Former Sony Online Entertainment CCO Raph Koster has penned an in-depth Letter To The Editor
to Gamasutra to contest recent Gamasutra-posted comments
from David Lannan over Koster's recent speech
at the Austin Game Conference.
Koster's full reply to Lannan is as follows:
"I have to wonder if David Lannan actually read the speech I gave (or rather, Mark Wallace's paraphrasing of it
). The whole point of the speech was to look at the market from the generic gamer's point of view, yet he castigates me
for looking at the industry through the lens of World of Warcraft.
"For instance, he says popular games that are most economically viable dont meet generic gaming audience."
I am unsure where this comes from, but I assume it's a mangling of my assertions that even hit games do not reach the true mass market audience. Surely we can agree on that; even TV shows in danger of cancellation get higher eyeballs than all but our highest-selling games. We're a long way from truly mass market.
"I find it hilarious Koster keeps quoting WOW. Does he realise that WOW is an online market only? And that if he looked at the online market segments WOW and its MMO cousins only represent 10 or so percent of online game play! (See the ESA reports for data). This is where his whole argument is based, yet he doesnt even realise that the market DOESNT see that as the top selling title, and the market IS already more generic and less 'gamer niched' than he describes."
To start with, the conference where the talk was delivered was one focusing online games, particularly MMOs, so it's unsurprising that there would be a large number of examples from that realm -- that's who the audience was, MMO developers.
That said, WoW was offered as an example of the way we have myopic perceptions of what success is. I had a slide, for example, which showed that even within the persistent online games space, WoW is not #1, but rather #4 in the Western market. (I suggest visiting my site
to see the slides.)
"The generic audience isn't someone who plays WOW, they play Maddens, they like car racing games, they like Soccer, and it shows in the charts - Maddens and Pro Evo Soccer, for instance, are the top sellers of the last two years."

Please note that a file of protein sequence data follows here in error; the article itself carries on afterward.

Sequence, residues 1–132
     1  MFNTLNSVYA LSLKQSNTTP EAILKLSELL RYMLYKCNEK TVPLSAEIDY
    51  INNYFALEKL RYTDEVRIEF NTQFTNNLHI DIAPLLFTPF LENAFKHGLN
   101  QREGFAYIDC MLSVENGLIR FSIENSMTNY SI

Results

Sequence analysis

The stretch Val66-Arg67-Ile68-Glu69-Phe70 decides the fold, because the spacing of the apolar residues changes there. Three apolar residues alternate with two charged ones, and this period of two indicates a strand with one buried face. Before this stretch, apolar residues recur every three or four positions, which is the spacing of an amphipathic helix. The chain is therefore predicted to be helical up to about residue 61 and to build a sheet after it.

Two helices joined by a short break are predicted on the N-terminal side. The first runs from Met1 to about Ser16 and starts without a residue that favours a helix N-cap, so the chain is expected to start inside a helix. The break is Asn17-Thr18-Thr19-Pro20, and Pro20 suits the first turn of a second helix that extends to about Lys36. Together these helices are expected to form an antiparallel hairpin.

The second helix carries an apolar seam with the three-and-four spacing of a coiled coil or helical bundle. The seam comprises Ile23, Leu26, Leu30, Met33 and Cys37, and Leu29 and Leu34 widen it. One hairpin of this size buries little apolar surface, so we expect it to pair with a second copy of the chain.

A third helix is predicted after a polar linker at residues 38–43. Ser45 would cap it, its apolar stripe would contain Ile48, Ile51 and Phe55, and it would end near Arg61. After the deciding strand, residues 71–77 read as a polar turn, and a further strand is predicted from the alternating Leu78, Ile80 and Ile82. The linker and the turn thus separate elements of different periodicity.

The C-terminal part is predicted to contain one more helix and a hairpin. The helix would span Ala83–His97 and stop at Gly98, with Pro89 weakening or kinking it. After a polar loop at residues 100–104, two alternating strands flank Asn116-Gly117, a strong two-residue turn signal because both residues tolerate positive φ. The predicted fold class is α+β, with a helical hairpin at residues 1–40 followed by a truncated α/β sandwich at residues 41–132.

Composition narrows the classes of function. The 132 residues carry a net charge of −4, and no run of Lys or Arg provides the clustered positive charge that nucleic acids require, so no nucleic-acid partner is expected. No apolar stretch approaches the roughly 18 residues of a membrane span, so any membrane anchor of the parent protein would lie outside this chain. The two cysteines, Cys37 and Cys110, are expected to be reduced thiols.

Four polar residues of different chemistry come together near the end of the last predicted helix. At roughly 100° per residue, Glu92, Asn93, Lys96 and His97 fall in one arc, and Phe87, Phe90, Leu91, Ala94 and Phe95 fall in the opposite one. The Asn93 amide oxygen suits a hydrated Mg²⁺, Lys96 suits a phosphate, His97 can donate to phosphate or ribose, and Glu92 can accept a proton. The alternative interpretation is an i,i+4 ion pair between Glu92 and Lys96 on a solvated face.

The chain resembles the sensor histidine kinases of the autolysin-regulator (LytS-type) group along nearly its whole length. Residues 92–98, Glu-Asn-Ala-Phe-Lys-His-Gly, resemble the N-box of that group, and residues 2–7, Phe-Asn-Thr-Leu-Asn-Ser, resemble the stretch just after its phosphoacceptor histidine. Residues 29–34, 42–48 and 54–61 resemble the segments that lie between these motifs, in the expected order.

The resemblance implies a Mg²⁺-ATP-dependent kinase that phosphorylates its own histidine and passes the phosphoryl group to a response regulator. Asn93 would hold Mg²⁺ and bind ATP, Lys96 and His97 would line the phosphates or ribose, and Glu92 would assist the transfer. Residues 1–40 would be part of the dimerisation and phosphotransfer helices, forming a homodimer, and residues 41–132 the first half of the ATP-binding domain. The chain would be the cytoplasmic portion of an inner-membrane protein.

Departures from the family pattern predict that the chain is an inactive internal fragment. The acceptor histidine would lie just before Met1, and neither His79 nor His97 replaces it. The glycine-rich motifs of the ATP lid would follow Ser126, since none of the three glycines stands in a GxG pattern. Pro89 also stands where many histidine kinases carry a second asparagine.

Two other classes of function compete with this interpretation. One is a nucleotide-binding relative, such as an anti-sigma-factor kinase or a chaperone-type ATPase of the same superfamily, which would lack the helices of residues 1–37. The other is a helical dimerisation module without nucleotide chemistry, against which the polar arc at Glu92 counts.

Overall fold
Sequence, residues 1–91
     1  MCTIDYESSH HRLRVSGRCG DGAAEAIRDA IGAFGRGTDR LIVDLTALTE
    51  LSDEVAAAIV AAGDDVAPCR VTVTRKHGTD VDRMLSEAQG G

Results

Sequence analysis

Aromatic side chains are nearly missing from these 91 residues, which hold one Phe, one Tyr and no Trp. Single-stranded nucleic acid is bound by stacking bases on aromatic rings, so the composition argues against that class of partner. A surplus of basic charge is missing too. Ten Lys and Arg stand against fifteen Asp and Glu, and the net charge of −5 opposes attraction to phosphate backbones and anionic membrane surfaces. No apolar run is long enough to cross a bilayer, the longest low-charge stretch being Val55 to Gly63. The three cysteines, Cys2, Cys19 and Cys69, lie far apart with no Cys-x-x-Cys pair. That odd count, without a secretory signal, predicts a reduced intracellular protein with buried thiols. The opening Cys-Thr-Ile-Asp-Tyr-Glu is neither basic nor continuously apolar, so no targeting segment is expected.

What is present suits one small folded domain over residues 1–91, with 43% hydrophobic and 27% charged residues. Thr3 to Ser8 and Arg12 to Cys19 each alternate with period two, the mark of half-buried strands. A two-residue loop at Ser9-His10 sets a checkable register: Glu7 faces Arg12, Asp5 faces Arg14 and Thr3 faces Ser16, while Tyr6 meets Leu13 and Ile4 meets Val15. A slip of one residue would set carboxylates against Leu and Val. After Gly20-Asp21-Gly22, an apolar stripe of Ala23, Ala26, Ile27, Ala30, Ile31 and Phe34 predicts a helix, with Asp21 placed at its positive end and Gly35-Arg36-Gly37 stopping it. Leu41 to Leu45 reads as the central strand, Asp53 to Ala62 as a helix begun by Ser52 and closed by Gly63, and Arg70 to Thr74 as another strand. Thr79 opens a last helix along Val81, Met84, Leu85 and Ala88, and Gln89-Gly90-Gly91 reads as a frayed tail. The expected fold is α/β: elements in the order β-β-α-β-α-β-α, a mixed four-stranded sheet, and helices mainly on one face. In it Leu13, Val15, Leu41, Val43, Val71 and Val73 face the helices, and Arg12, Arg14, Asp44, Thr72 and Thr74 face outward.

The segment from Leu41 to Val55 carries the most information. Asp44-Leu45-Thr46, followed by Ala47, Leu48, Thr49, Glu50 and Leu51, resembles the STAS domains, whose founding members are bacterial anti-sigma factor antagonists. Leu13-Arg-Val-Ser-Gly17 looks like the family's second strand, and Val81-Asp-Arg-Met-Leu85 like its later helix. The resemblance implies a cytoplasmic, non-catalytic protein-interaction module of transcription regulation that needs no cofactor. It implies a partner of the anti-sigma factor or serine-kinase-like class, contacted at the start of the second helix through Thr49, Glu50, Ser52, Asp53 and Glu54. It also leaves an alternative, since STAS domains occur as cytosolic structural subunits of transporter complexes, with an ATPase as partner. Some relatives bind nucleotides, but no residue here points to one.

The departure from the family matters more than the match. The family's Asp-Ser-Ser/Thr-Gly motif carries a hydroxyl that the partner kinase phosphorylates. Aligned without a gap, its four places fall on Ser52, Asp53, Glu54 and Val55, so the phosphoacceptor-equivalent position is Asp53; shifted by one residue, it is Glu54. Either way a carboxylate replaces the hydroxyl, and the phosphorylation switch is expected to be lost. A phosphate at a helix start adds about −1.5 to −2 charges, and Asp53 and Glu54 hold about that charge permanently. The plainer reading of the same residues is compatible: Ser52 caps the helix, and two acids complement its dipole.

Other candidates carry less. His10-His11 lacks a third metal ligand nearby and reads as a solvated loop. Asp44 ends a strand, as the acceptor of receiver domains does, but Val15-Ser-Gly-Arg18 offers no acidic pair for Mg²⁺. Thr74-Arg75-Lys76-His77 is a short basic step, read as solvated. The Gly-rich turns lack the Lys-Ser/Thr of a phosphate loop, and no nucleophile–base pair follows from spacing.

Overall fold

Exactly, except that I was asserting that even Madden and Pro Evo Soccer are still going mostly to core gamer audiences. There's a far larger and more casual market beyond those titles.
"Its about time Koster caught up with the market dynamics - free console games are simply a figment of his imagination (quite obviously, he doesnt know the limitations of XNA - read the FAQ at Microsoft, I'd suggest)."
I don't recall even referencing XNA? Nor did I discuss free console games.
"The business models that Koster refers to are purely web-based. I guess he doesnt realise that only 5 percent of console gamers are online. And that IS NOT currently growing. It has been static for over a year now. The reason for this is pretty obvious, because console gaming is more 'light' entertainment than something everyone does every night like hardcore gamers do. So rather than think like a hardcore gamer, think like a generic gamer - the generic gamer only want 20 mins of Sprint Cars, or 40 mins of Madden - not 4 hours of WOW."
The true generic gamer wants 5 minutes of Solitaire. That aside, David is actually arguing my point here.
The reason why I cite web-based as the rising dominant model is because the entire industry is gradually shifting over to forms of digital distribution. Yes, including consoles. Every major publisher has digital distribution initiatives going.
"In terms of Web gaming though, the audience is so broad and complex, there is no meteor or dinosaurs to talk about. Because you have such a wide audience, niche markets are common. This is why card games make up 50 percent of online gaming. This online environment is in continual flux."
My assertion is that Web gaming is becoming the paradigm -- that's the more accurate summary of the talk. Therefore the thing that I am observing (NOT "advocating") is the fact that mainstream retail-driven publishers will have to reach a much broader accomodation with the web-driven way of doing things. That is the meteor that I am referring to; what's more, I think this not only already happened, but we're also seeing lots of those accomodations being made.
Hence the final predictions, which match up pretty closely with exactly what David said: more niches, very wide audience, lots of noise in the market.
I'd urge those interested in this topic not to rely solely on individual (admittedly sensationalistic) quotes pulled from a talk that ran over an hour and included a fair amount of stats on the market."